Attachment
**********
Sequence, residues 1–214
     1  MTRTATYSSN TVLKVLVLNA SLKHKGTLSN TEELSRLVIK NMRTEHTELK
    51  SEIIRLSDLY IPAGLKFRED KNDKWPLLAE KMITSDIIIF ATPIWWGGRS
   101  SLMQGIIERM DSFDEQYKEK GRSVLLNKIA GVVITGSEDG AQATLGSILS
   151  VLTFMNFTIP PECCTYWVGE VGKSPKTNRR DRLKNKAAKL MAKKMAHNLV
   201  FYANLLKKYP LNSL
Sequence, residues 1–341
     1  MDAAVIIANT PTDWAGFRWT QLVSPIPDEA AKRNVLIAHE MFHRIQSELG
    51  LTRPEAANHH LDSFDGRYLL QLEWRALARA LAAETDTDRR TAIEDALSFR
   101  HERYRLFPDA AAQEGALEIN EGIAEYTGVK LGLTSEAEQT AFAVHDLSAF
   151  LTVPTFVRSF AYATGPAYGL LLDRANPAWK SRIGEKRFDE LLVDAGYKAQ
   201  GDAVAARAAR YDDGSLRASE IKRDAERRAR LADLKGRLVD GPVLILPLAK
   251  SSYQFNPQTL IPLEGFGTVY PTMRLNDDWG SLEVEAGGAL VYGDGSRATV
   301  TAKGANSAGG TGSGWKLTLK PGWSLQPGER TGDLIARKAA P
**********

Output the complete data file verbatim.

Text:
Sequence, residues 1–214
     1  MTRTATYSSN TVLKVLVLNA SLKHKGTLSN TEELSRLVIK NMRTEHTELK
    51  SEIIRLSDLY IPAGLKFRED KNDKWPLLAE KMITSDIIIF ATPIWWGGRS
   101  SLMQGIIERM DSFDEQYKEK GRSVLLNKIA GVVITGSEDG AQATLGSILS
   151  VLTFMNFTIP PECCTYWVGE VGKSPKTNRR DRLKNKAAKL MAKKMAHNLV
   201  FYANLLKKYP LNSL
Sequence, residues 1–341
     1  MDAAVIIANT PTDWAGFRWT QLVSPIPDEA AKRNVLIAHE MFHRIQSELG
    51  LTRPEAANHH LDSFDGRYLL QLEWRALARA LAAETDTDRR TAIEDALSFR
   101  HERYRLFPDA AAQEGALEIN EGIAEYTGVK LGLTSEAEQT AFAVHDLSAF
   151  LTVPTFVRSF AYATGPAYGL LLDRANPAWK SRIGEKRFDE LLVDAGYKAQ
   201  GDAVAARAAR YDDGSLRASE IKRDAERRAR LADLKGRLVD GPVLILPLAK
   251  SSYQFNPQTL IPLEGFGTVY PTMRLNDDWG SLEVEAGGAL VYGDGSRATV
   301  TAKGANSAGG TGSGWKLTLK PGWSLQPGER TGDLIARKAA P